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GUEST COLUMN LGBTQs and long-term care, caregiving
by Jacqueline Boyd
2015-11-18

This article shared 5643 times since Wed Nov 18, 2015
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It is no secret that LGBTQ people experience unique challenges throughout the aging process. Securing an affirming caregiving resource is a critical component for any long-term care plan. During this third installment of "LGBTQ & Long Term Care, What You Need to Know" column, we explore caregiving options.

Caregivers are often needed when an individual requires assistance to complete activities of daily living ( also known as ADL's ), such as bathing, toileting, dressing, exercise or feeding. They can also assist with housekeeping tasks, meal preparation, medication reminders, companionship, and transportation.

There are five general types of caregiver support, and each come with their own pros and cons. Identifying these benefits and risks can help in determining the right choice.

The types of caregiver support are as follows:

1 ) Family Caregivers

2 ) Independent Caregivers

3 ) Placement Agencies

4 ) Home Services Agencies

5 ) Adult Day Care

For most people, the preference is to have family and friends take on caregiver tasks. However, prior to engaging in this type of arrangement a number of factors should be considered. Skill set, capacity, and personality traits of family and friends should be assessed to best match individuals with appropriate responsibilities.

For example, if there are three people who care deeply and want to contribute as caregivers, identify their strengths and your corresponding area of need. If one of those people is a nurse, another is a chef, a third a personal trainer, try to match skill sets in a way that makes sense. Perhaps the nurse could attend doctor appointments, the chef could make meals twice a week, and the personal trainer could assist with therapy and rehabilitation efforts. In this way the strengths of family and friends are maximized and the potential for burnout minimized.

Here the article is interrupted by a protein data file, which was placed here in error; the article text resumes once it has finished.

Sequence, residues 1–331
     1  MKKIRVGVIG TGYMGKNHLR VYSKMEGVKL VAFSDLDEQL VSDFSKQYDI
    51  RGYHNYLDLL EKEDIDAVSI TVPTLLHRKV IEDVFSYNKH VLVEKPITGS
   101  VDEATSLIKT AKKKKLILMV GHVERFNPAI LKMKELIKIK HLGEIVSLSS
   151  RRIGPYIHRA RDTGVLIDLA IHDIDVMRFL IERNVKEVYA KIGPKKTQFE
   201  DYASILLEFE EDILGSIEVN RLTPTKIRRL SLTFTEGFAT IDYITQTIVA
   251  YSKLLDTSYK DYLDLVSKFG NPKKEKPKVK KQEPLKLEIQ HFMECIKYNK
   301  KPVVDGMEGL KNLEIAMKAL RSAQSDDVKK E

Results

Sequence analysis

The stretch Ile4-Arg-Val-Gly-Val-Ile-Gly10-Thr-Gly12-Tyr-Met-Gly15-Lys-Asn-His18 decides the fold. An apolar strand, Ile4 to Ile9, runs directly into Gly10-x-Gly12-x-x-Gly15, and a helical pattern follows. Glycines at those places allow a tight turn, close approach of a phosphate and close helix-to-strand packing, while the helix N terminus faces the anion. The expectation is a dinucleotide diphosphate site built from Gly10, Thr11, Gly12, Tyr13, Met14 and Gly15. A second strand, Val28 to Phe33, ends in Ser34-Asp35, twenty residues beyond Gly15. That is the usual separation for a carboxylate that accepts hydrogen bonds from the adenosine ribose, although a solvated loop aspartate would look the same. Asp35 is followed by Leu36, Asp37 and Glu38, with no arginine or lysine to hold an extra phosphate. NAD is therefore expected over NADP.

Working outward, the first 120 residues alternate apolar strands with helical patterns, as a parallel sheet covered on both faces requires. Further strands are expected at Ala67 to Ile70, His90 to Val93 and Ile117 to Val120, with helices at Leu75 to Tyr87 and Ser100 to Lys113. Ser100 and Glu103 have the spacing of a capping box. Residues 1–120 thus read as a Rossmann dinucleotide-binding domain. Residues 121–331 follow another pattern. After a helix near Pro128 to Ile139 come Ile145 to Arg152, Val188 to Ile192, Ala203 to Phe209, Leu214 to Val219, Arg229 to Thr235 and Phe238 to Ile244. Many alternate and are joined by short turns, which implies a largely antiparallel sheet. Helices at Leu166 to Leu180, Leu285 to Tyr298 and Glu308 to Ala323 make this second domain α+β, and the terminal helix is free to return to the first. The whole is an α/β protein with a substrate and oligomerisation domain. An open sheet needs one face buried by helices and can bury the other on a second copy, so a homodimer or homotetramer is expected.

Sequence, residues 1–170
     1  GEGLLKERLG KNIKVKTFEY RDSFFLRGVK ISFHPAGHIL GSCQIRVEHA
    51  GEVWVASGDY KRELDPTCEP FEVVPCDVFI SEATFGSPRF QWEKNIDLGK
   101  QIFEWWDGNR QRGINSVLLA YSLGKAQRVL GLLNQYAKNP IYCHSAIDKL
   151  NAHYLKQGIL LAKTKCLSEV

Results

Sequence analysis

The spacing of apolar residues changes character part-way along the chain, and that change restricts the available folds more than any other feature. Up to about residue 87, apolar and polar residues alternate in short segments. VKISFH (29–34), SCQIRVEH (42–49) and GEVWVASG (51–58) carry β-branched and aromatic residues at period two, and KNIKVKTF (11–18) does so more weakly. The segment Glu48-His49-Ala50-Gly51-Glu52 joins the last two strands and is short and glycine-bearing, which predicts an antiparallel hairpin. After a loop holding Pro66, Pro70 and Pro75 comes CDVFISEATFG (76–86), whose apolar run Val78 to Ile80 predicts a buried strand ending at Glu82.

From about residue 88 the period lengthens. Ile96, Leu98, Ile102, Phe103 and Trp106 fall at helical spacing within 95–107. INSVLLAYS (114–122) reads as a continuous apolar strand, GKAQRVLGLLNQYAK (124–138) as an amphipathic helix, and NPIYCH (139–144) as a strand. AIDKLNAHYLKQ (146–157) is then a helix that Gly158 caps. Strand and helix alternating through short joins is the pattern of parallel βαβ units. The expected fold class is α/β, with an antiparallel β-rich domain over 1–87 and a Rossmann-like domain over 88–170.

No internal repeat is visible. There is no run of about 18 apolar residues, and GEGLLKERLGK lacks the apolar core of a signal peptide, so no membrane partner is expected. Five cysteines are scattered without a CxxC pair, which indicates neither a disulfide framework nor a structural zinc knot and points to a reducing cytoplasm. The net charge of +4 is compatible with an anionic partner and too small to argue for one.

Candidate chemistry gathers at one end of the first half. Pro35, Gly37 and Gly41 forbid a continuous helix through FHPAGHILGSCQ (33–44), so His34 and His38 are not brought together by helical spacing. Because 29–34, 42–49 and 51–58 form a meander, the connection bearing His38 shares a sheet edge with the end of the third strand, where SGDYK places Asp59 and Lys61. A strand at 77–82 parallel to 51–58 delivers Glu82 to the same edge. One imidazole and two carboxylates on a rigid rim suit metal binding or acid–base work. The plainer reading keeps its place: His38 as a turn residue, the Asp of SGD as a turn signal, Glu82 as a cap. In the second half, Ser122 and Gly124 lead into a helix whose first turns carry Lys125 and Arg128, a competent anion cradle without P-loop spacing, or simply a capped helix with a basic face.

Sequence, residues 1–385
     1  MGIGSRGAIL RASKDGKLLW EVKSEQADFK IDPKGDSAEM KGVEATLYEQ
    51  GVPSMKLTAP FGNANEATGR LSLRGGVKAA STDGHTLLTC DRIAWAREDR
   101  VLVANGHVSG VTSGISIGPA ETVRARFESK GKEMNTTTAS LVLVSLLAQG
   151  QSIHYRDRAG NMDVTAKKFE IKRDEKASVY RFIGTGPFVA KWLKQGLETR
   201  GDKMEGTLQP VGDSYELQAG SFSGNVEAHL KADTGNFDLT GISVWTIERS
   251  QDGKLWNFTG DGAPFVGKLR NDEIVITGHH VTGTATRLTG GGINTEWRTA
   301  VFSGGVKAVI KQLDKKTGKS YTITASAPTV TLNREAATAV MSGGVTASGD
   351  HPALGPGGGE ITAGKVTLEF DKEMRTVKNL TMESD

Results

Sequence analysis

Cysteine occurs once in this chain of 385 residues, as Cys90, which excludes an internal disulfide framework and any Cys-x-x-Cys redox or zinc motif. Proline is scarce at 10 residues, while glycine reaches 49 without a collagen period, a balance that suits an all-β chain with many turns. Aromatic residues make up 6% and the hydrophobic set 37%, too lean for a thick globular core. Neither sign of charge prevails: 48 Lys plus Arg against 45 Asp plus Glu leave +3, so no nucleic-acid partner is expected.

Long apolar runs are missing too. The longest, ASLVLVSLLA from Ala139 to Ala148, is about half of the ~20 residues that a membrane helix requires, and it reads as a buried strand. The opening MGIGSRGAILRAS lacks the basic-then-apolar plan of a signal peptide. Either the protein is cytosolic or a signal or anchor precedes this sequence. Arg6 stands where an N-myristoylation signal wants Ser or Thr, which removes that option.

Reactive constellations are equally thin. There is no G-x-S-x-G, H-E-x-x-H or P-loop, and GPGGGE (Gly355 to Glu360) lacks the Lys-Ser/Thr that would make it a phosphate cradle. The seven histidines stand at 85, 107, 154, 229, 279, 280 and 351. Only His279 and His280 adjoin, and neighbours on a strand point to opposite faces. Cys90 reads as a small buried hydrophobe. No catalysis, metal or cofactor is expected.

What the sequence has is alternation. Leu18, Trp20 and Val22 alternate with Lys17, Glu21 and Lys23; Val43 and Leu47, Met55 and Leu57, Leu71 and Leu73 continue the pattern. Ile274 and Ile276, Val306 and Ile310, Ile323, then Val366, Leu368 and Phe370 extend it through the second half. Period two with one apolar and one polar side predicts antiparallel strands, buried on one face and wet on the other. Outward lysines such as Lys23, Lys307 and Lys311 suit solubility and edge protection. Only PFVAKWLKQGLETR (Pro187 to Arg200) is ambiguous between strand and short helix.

Be realistic about the capacity of family caregivers to avoid risky situations or inconsistent care. Raise conversations early about support in older years and strive for clarity amongst family and friends. Spread responsibility amongst the support system, and supplement with one of the other caregiver categories if necessary.

LGBTQ individuals are twice as likely as the general population to live alone in older years, and three to four times less likely to have children, according to SAGE ( Services and Advocacy for Gay, Lesbian, Bisexual and Transgender Elders ). This means there may be a limited circle of family caregivers to engage when the time comes.

If family caregivers aren't a complete solution, the next step is to identify which of the remaining four categories is the best fit. When choosing a caregiver from an agency, be sure to ask what type of LGBTQ competency training they provide staff and what measures they have in place to prevent discrimination. For more information, check out these "Nine Tips On Finding LGBT� Affirming Services" from the National Resource Center On LGBT Aging: http://www.lgbtagingcenter.org/resources/resource.cfm?r=4.

Independent caregivers are often found through informal means such as online advertisements or word of mouth. The price for independent caregivers is the lowest of the paid options, typically $10- 15 per hour, and is arranged directly with the caregiver. However the low price tag comes with a high degree of risk. Independent caregivers become your employees, so worker's compensation, tax reporting, and social security contributions are all your responsibility. In addition, there is little protection from fraud or financial abuse.

Placement agencies offer mid-range protection as they are licensed by the Illinois Department of Public Health ( IDPH ) and caregivers undergo an initial background check. Payment is arranged directly with the caregiver, and the agency may have guidelines and recommendations as well as a "finders fee." Beyond the up-front screening, the same risks as an independent caregiver apply as they are still considered to be your employee.

Home Services Agencies avoid the employment risks because their caregivers are bonded and insured to the company. Payment and any requests are arranged directly with the agency. The agency also has insurance in place should theft or injury occur on the part of their employees.

The cost ranges from $22-28 per hour, often with a minimum of three hours.

Adult day-care services focus on activity and engagement in a social setting, and the individual goes to a facility with other seniors. The cost tends to be $60-70 per day and operates Mondays through Fridays although how many days a week someone attends is flexible. This option can supplement family caregiver arrangements because it provides a cost-effective respite opportunity for the family.

Jacqueline Boyd is the founder of The Care Plan, a care-management and mapping company catering to the health and aging needs of Chicago's LGBTQ community. Find more information at www.thecareplan.comor 630-479-0083.


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